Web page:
Broadly speaking, there are two approaches. One, you can just look at past games with similar moneylines and totals and then count how many games finished with each final score. You then just make your prices by assuming the percentage of game that lands on each number represents the correct break-even percentage.
Or you can try to build a game simulation that uses the current rules and players.
It’s much easier to just count up the results of past games. (To be clear, we’re oversimplifying the modeling process here to make the point.) When you count game results, you’re likely including data from both before and after the rule change. Thus, your answers will correspond to some hybrid rule that doesn’t exist—not quite right for either actual ruleset.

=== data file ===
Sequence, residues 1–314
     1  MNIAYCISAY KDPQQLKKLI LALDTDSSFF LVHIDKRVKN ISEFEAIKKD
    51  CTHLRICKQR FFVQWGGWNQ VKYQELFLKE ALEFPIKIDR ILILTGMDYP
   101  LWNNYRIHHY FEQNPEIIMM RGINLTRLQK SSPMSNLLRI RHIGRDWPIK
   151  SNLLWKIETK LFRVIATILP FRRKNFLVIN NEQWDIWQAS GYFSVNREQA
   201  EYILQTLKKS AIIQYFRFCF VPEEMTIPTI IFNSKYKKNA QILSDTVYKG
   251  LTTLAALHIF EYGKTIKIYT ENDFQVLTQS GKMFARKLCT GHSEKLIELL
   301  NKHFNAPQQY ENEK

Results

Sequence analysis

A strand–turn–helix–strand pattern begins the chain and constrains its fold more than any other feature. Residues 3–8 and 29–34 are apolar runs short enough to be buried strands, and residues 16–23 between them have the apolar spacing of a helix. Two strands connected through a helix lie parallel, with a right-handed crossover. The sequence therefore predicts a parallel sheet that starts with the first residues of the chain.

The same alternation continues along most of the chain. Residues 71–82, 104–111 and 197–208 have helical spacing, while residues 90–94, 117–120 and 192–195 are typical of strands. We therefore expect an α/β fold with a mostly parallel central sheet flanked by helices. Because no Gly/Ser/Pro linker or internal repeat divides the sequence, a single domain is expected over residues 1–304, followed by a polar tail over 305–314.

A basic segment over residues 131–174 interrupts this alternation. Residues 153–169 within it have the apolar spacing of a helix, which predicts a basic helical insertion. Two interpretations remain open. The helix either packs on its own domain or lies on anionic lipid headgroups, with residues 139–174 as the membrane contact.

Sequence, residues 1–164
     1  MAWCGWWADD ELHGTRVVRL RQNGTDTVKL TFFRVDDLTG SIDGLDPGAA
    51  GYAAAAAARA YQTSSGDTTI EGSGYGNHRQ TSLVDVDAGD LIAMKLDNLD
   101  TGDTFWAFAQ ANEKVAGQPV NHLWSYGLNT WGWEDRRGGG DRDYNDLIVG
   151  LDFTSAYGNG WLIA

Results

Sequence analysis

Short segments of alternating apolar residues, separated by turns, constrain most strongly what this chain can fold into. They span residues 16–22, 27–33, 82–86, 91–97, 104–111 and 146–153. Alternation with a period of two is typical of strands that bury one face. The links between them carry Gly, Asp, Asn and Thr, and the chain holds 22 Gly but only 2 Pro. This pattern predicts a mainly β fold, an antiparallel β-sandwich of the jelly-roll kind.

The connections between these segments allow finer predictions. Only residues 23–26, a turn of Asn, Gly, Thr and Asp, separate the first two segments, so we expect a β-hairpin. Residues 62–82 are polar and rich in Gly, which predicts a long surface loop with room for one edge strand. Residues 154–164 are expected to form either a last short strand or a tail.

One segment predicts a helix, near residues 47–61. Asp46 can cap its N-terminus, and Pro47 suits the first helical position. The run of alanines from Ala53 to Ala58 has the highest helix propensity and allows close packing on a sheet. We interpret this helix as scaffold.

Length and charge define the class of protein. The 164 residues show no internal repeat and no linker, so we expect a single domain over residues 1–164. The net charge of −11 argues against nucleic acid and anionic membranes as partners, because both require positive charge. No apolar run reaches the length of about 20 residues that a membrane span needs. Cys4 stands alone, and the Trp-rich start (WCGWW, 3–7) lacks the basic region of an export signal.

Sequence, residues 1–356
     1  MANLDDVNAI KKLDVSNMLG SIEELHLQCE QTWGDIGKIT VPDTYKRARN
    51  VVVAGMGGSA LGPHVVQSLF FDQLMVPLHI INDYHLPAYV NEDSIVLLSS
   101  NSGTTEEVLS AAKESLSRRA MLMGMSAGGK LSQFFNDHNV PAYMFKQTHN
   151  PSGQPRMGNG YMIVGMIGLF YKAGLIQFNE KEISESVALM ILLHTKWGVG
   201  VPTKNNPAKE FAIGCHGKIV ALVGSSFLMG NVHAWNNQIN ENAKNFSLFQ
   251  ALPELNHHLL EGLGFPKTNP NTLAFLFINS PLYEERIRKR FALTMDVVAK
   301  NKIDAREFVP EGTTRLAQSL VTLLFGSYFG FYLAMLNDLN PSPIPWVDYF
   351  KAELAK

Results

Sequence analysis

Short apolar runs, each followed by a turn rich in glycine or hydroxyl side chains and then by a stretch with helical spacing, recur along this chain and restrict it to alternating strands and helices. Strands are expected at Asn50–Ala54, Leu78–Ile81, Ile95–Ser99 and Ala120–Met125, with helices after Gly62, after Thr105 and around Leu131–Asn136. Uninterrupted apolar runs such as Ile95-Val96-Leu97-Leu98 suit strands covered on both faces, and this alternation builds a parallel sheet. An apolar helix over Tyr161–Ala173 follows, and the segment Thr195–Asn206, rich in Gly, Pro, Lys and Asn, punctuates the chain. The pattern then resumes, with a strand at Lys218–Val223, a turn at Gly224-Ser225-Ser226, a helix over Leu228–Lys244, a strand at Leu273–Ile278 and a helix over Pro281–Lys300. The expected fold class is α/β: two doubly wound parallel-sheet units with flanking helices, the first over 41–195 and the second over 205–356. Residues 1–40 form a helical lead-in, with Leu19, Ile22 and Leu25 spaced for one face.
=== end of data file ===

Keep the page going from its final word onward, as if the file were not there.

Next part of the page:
The upshot of this is that we currently see in-play MLB models get the totals wrong in games likely to go to extra innings. It’s much more likely in games that use the runner on second rule that a given inning will end exactly 1-1, thereby extending the game while adding 2 runs to the game total. So the higher alternate totals are often good bets as they are priced as unlikelier than they actually are.
In 2006, there was a seemingly small college football rule change that had a major modeling impact. In the previous season, the clock would not start after a change of possession (a punt or turnover) until the first snap of the new drive. For the new season, they would start the clock as soon as the ball was spotted.